Mitt Romney has long boasted – with dubious accuracy but laudable pride – that his father George marched against segregation with Martin Luther King, Jr. But the Romney campaign of 2012 is dishonoring those filial sentiments as its strategy of racial polarization unfolds – with the latest and most blatant example emerging in a blatantly false attack on the Obama Administration’s welfare policies.
Suspicions that Romney might seek to inflame racist anger toward America’s first black president began to arise when his campaign strategist Stuart Stevens – a scion of Mississippi’s Republican Party – coined the slogan “Obama Isn’t Working,” which sounded to some like code for ethnic stereotyping. Others charitably attributed the gaffe to mere insensitivity typical of the Republican campaign’s insular, monochromatic staff.
Then came the candidate’s speech to the NAACP convention, which seemed to have been drafted to elicit booing from the African-American audience – a reaction instantly framed by Rush Limbaugh and the right-wing propaganda machine as an assault by blacks on Romney simply “because he is white.” Nevertheless some observers, including members of the NAACP, still gave him credit merely for appearing before what he had to expect would be a skeptical if not hostile audience.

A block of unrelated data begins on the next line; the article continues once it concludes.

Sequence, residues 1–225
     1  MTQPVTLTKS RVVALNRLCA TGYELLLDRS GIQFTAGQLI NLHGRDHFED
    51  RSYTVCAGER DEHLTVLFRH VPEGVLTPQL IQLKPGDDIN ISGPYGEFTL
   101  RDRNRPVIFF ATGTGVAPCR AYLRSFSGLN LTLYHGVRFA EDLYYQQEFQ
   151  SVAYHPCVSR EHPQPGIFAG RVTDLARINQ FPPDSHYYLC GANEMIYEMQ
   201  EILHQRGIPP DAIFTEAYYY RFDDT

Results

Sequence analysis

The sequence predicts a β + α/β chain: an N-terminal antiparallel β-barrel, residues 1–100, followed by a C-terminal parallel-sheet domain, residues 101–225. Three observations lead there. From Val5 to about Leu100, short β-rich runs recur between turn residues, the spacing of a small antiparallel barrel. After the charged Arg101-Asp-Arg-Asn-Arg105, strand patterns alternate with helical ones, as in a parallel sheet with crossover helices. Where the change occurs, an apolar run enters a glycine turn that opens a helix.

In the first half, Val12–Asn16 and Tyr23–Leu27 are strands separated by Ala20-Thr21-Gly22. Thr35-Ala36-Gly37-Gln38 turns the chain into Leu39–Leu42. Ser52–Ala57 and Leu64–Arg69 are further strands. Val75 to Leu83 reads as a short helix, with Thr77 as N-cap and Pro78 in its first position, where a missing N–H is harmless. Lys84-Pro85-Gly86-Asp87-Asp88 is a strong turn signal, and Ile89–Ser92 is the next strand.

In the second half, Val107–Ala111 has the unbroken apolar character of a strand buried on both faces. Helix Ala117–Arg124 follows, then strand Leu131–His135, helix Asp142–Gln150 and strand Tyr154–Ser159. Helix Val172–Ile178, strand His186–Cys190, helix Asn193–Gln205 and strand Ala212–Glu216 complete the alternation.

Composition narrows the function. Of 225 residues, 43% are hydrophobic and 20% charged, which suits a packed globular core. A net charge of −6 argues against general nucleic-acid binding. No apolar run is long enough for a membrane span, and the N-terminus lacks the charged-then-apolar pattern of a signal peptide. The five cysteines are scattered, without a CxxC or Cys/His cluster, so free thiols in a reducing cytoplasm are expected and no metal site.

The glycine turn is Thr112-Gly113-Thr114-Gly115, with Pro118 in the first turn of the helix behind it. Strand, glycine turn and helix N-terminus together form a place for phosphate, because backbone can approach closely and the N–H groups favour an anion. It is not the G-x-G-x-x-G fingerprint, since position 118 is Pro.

But now the Romney campaign – and the candidate himself – have seized upon welfare, the classical subject of racial stereotype, to divide the country against Obama with false accusations. With a new political advertisement claiming that the president has tried to eliminate work requirements from the Transitional Assistance to Needy Families program, or TANF, Romney and his allies are directly appealing to the ugliest emotions of their Tea Party base.
This isn’t a muted dog-whistle. It’s a deafening foghorn.
The supposed basis for the Romney claim is a recent presidential directive permitting state governors to seek a “waiver” from the specific bureaucratic requirements of the welfare reform passed by Congress and signed by President Clinton in 1996. But as Clinton himself noted in a sharp response to Romney’s ad, Republican governors in Utah and Nevada originally requested that waiver.